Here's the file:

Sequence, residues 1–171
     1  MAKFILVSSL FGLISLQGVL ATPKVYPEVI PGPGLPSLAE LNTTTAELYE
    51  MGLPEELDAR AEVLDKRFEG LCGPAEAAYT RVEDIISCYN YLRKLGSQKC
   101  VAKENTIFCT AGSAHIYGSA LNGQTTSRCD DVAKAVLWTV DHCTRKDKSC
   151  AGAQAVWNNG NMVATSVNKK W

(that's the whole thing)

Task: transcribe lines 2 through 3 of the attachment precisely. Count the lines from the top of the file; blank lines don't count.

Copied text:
     1  MAKFILVSSL FGLISLQGVL ATPKVYPEVI PGPGLPSLAE LNTTTAELYE
    51  MGLPEELDAR AEVLDKRFEG LCGPAEAAYT RVEDIISCYN YLRKLGSQKC